After that, we headed over near where I was staying my first two weeks in St. Petersburg (by Park Sosnovka), to the Robotics Institute – another impressive old Soviet building, surrounded by the typical block-style Soviet housing that I love so much (Khrushchyovkas). Jon mentioned how he loved the contrast there in architecture – the hip and, at the time, modern building for the Soviet elite contrasted by the crowded (and now often dilapidated) apartment buildings where the average Soviet citizen lived. You really really need to see this side of the Russian cities when you visit, or you can’t understand the contrast. I remember the first time I went to meet with my Russian tutor in 2011 – he lived around Komandantskiy Prospekt metro stop. It was so overwhelming for me, coming from city center with the old architecture (which isn’t very tall), only to be surrounded by rows and streets of these apartment buildings, which were cheaply made to accommodate as many people as possible. It’s like an entirely different world and it’s typical Russia – one of the things I love (not to mention it’s like eye candy to a photographer). No matter where you go in the former Soviet Union, you will see this integral part of life.
Our final stop was to Finlyandskiy Vokzal where, of course, you must see Lenin! What Soviet tour would not include a statue of Lenin? And there he stands, in front of an elaborate fountain garden by Finlyandskiy Railway station. We did not opt for this add-on with our tour, but there is an option to stop at a Stolovaya and get lunch, which I would recommend if you’ve never been to one. It’s like a Soviet style buffet – very authentic and cheap and offering up some good Russian eats. The perfect place to try your first meat cutlet and borsch with vitamin salad!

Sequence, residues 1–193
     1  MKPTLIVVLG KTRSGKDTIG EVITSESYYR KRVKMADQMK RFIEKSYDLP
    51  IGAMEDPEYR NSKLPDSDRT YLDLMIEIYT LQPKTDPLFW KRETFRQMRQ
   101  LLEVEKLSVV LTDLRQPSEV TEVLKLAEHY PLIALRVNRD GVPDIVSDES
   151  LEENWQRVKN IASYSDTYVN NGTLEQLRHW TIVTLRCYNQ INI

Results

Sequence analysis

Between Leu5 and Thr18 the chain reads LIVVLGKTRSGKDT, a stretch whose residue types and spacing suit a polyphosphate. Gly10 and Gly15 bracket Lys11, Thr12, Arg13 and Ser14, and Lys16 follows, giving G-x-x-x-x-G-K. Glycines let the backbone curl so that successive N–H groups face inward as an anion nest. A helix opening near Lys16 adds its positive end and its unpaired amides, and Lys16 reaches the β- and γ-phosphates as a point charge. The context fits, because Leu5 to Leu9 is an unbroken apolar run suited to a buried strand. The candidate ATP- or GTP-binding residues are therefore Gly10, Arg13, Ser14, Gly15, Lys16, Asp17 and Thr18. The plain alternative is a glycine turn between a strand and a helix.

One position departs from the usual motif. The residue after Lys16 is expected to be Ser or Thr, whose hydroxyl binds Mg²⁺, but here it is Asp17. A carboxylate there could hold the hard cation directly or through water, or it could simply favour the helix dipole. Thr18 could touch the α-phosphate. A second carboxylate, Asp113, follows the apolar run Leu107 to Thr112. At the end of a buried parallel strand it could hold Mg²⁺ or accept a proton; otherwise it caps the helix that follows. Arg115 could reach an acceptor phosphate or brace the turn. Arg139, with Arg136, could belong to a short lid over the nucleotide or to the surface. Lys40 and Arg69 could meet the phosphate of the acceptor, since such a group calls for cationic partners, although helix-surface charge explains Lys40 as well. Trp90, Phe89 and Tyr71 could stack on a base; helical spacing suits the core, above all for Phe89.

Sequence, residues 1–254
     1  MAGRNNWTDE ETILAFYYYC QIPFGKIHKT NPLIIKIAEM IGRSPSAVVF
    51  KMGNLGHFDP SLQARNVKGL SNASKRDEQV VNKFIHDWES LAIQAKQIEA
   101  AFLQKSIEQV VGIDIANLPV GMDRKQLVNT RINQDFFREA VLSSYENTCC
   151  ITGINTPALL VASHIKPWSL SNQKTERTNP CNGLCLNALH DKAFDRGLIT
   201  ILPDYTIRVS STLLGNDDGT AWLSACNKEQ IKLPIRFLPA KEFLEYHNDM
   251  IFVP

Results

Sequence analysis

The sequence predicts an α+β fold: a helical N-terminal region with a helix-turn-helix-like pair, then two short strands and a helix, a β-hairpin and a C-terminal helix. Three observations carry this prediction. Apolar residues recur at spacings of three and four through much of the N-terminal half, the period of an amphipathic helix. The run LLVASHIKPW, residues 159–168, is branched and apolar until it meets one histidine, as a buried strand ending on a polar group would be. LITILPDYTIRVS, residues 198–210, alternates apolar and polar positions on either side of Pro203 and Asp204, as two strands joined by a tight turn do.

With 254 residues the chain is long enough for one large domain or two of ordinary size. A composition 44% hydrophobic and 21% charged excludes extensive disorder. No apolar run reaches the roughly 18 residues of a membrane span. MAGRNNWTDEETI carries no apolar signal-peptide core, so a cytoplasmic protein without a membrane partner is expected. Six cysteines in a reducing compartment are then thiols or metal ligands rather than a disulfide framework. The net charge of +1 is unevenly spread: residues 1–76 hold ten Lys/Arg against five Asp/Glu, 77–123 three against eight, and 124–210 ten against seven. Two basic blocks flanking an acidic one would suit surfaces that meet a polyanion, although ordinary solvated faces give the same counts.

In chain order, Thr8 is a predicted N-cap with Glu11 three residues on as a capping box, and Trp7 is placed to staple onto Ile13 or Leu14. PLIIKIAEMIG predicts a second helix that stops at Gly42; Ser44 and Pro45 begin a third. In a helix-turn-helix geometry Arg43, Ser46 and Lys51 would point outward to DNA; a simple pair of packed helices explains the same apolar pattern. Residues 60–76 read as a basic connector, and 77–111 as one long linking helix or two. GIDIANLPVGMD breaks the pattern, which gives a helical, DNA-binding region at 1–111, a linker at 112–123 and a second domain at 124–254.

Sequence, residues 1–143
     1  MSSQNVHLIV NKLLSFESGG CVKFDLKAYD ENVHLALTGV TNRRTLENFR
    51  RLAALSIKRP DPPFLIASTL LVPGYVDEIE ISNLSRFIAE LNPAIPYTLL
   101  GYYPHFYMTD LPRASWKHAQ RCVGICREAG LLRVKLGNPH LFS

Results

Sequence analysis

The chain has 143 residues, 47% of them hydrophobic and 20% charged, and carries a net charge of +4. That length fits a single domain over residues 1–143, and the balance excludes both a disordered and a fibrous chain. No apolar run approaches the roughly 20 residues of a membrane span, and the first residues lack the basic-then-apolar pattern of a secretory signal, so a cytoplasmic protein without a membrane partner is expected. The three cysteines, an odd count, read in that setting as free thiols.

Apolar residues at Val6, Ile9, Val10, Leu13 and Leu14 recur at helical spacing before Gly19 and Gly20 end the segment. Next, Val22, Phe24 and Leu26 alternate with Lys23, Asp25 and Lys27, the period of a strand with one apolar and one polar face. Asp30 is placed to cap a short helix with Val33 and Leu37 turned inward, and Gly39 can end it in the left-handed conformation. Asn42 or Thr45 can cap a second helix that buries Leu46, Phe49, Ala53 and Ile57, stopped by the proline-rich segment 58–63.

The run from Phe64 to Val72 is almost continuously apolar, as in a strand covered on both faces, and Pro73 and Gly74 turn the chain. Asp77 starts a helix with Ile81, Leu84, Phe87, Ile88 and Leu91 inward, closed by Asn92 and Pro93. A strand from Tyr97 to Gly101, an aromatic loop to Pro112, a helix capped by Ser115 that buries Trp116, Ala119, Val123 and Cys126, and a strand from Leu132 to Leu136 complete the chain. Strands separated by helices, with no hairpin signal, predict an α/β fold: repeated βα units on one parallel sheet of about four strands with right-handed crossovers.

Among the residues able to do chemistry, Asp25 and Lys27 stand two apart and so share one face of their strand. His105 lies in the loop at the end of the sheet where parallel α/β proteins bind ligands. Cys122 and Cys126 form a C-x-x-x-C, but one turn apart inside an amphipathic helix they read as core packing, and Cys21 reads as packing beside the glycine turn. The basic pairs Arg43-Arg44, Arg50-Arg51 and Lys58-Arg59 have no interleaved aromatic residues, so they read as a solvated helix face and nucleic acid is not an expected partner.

In case you can’t tell, I’m really fascinated by Soviet history – it’s one of the things that brought me to study in Russia in the first place. Jon’s tour was really interesting and he shared my enthusiasm for this part of Russian history as well. I highly recommend this, or any of his other tours, which can be found here. You really have to sit in that car and ride around to get the full Soviet experience…..
map of the Soviet Union, made of precious gems and stones – at the Geological Institute in St. Petersburg.
Sickle & hammer at the Geological Institute.
the old Red Banner factory
Red Banner Factory – on the Petrograd side
mural on the side of a building – a tribute to Soviet heroes
Khrushchyovka (old Khrushchev era Soviet apartment buildings).
The Robotics Institute
Kitty sitting in the window of one of the Khrushchyovka
Khrushchyovkas – I have a serious fascination with the apartment buildings. They just look so cool.
babushka’s having girl talk
graffiti by the Robotics Institute.
an old tram on the way to Finlyandskiy Vokzal.
a woman staring at Lenin’s statue in front of Finlyandskiy Vokzal.
Jon’s Volga car in front of the Khrushchyovka